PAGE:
Source: Arch Daily
Cummins beats TeslaTesla is expected to unveil its electric semi-truck next month, but Cummins just beat them to the game with its own fully-electric heavy-duty truck. Cummins is known for its hardworking diesel engines, but now the company is looking to the future with the debut of the electric Concept Class 7 Urban Hauler EV.
The Cummins electric truck, known as AEOS, is powered by a new battery pack that is lighter and denser, giving the truck a longer driving range and faster charging times.
The truck can carry up to 44,000 pounds and its 140 kWh battery pack only takes an hour to charge on a 140kWh charging station. The AEOS only has a 100 mile- range, which means that it’s more ideal for shorter trips in urban environments. Tesla’s semi is expected to have a driving range of around 200-300 miles.
Cummins hopes to cut the charging time down to 20 minutes by 2020. For drivers that need a longer driving range, the company is working on an extended-range model that will use a diesel engine to act as a generator for the battery pack. The extended-range model will have a much more usable driving range up to 300 miles and will cut emissions by 50 percent compared to diesel-hybrid trucks.
Korea to benchmark Japan’s forestry job creationWith South Korea aiming to quadruple its forestry employment, Japan’s policy -- which has sparked an interest among the young generation -- could be the thing to aim for.
The high-level dialogue Monday between Korea and Japan held at the Korea Forest Service headquarters in Daejeon offered a nation suffering from chronic unemployment a chance to benchmark Japan’s track record of a recovery in forestry employment, the officials said.
The two-hour meeting was held in light of the Korean government seeking a breakthrough in the nation‘s prevailing youth unemployment, the ongoing retirement of baby boomers born between the mid-1950s and mid-1960s, as well as shortcomings in the workforce to address forestry issues.
The meeting, attended by eight representatives of each nation including top forestry policymakers at a city some 140 kilometers south of Seoul, added spice to KFS Minister Kim Jae-hyun’s earlier efforts that came in line with the Moon Jae-in administration’s fiscal stimulus mainly intent on stimulating job creation and pursuing wage-led growth.
After taking office on July 18, Kim in August vowed to establish a 40-member team, led by the minister himself, to outline a policy to create forestry jobs and a nongovernmental committee to advise policymakers dedicated to the task.
By 2022, the KFS seeks to add over 45,000-strong workforce, from some current 15,000, mainly to enhance welfare impacts of forest and deal with disasters in forests, which cover 63 percent of the nation. Some 19,000 forestry workers will be added by the end of this year, according to the plan.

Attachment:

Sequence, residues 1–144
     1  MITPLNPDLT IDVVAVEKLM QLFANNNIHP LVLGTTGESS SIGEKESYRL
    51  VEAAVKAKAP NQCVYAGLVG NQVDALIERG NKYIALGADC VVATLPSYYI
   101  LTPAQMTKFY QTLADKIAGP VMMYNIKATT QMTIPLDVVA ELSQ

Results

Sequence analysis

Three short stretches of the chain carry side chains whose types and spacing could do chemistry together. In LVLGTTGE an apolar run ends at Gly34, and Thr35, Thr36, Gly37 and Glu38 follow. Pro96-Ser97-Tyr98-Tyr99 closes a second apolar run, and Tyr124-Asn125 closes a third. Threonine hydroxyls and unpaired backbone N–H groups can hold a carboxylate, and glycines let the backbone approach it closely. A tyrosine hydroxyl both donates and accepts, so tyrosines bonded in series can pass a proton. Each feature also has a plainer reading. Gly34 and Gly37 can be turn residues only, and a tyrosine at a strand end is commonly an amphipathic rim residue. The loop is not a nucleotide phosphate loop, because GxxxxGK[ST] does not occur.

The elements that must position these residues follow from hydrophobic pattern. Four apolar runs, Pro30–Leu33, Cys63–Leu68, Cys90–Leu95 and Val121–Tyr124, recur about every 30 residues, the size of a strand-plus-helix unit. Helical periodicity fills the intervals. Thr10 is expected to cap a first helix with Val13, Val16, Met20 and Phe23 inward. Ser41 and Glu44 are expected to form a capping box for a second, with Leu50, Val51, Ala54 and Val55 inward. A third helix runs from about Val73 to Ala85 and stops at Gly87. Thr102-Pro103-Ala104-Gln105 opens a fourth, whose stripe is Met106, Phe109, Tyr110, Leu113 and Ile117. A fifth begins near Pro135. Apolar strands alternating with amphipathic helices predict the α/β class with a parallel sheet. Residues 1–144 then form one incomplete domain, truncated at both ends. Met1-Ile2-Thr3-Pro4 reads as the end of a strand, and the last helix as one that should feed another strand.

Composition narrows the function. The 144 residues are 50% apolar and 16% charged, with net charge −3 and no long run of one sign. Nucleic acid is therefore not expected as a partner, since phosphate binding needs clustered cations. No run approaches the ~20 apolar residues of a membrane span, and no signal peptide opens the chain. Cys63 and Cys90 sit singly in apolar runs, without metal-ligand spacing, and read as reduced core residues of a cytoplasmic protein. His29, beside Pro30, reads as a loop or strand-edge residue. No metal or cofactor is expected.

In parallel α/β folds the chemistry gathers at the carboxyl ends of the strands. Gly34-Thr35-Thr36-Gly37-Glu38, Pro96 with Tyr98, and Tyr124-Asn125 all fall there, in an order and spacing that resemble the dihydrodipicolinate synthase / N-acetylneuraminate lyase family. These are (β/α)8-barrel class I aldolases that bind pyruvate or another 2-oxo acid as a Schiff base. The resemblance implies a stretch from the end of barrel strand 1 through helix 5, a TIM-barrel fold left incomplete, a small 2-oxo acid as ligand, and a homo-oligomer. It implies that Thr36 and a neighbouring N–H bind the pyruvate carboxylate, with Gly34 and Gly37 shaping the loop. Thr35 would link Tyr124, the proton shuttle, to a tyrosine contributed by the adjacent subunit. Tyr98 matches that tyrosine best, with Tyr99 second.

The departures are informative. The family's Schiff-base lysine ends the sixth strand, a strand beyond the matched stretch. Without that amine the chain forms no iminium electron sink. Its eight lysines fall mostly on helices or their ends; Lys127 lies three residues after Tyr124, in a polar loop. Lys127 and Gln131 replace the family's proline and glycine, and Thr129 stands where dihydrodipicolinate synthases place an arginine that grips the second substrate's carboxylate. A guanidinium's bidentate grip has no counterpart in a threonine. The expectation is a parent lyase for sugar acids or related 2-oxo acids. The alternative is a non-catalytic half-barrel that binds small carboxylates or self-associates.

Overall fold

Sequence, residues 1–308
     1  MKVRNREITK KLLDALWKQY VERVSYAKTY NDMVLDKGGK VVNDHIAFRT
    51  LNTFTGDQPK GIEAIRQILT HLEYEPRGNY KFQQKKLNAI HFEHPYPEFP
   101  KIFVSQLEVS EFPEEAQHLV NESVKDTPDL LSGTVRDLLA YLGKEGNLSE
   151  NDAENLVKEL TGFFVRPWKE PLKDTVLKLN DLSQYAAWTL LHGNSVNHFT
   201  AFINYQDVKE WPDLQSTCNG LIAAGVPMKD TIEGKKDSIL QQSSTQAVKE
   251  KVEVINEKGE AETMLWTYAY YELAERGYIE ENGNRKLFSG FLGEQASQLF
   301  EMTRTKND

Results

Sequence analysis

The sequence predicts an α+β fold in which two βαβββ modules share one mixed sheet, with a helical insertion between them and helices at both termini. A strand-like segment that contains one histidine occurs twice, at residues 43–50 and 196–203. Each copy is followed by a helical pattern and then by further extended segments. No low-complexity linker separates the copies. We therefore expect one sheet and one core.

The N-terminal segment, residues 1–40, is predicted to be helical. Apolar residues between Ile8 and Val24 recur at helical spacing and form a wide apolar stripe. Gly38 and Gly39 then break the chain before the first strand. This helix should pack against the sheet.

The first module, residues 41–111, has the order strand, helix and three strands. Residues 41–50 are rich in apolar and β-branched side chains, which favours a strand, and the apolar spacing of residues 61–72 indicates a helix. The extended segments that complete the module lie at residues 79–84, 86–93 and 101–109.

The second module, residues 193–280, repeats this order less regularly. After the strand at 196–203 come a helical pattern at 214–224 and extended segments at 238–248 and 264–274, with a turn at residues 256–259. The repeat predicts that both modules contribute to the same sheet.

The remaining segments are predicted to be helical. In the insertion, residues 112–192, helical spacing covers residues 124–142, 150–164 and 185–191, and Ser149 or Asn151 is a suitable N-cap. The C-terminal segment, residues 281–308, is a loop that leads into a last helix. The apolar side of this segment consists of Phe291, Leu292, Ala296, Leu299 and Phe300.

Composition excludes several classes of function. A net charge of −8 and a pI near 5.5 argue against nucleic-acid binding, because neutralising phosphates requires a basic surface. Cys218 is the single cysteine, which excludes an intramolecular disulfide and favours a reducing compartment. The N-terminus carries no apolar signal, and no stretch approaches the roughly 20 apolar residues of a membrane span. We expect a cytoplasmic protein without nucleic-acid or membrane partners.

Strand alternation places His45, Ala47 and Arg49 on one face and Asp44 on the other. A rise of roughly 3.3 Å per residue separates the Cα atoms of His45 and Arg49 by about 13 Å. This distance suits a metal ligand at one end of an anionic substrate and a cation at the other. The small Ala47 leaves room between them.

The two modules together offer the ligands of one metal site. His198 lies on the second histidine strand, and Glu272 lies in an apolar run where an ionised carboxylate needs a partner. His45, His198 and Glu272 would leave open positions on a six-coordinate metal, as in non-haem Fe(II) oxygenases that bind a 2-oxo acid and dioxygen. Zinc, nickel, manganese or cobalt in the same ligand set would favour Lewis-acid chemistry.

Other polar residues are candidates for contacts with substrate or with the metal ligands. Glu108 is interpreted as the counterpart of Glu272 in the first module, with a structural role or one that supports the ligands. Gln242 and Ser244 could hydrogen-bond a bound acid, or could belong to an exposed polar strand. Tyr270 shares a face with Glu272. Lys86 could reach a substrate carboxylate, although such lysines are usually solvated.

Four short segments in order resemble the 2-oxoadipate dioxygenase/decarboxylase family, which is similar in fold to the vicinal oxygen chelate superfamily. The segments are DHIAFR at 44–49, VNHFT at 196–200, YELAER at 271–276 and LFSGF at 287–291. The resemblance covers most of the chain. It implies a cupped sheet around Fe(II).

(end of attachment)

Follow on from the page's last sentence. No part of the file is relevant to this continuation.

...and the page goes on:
Japan, also with nearly 70 percent of its land occupied by woods, has ensured sustainable growth of forests, strengthened forest management and stabilised timber supply, all while conserving forestry employment.
The Forestry Agency of the neighboring nation, headed by Director General Shuji Oki since July, has strived to maintain the number of employees related to forests while increasing the proportion of youth employment in the field, thereby making a decline in the number of forestry jobs a thing of the past.
Japan’s young workers in forestry jobs accounted for 18 percent as of 2010, up from 10 percent in 2000, while over the cited decade, elderly employment there dropped to 21 percent from 30 percent, according to data from the Japanese Ministry of Internal Affairs and Communications.
The number of forestry workers over 30 years has shrunk to a third in Japan, from 146,322 in 1980 to 51,200 in 2010, the data also showed. A good sign, however, is that the degree of decline has narrowed to 2 percent over a five-year period beginning from 52,173 in 2005.
Japan’s Forestry Agency picked “Green Employment,” a career-building program to train on-site forestry engineers, as the main driving force of spurring the forestry employment in the high-level talks.
Some 15,000 new workers from 2003 to 2014, or about 4 in 10 new forest workers in the cited 11 years, went through the project that encompasses annual student grants of up to 1.5 million yen ($13,490) for a maximum two years, government subsidies of 90,000 yen a month for a three-year training program and state- sponsored additional training for further career enhancement.
Forestry jobs in Japan vary from timber suppliers and forest managers to furniture makers, forest therapists, forest foragers and consultants to community restoration.
Source: Korea Herald
... and finally ... survey jokes
As in surveys of the polling kind, not those technical folks planning our new
With only a few days left before these jokes get stale for another 3 years here goes:
1. If voting made any difference they wouldn’t let us do it. — Mark Twain
2. The problem with political jokes is they get elected.
3. Why pay money to have your family tree traced; go into politics and your opponents will do it for you.
4. Do you ever get the feeling that the only reason we have elections is to find out if the polls were right?
5. Elections are when people find out what politicians stand for and politicians find out what people will fall for.
6. What's the difference between a politician and a flying pig? The letter 'f'.
Have a safe and productive week.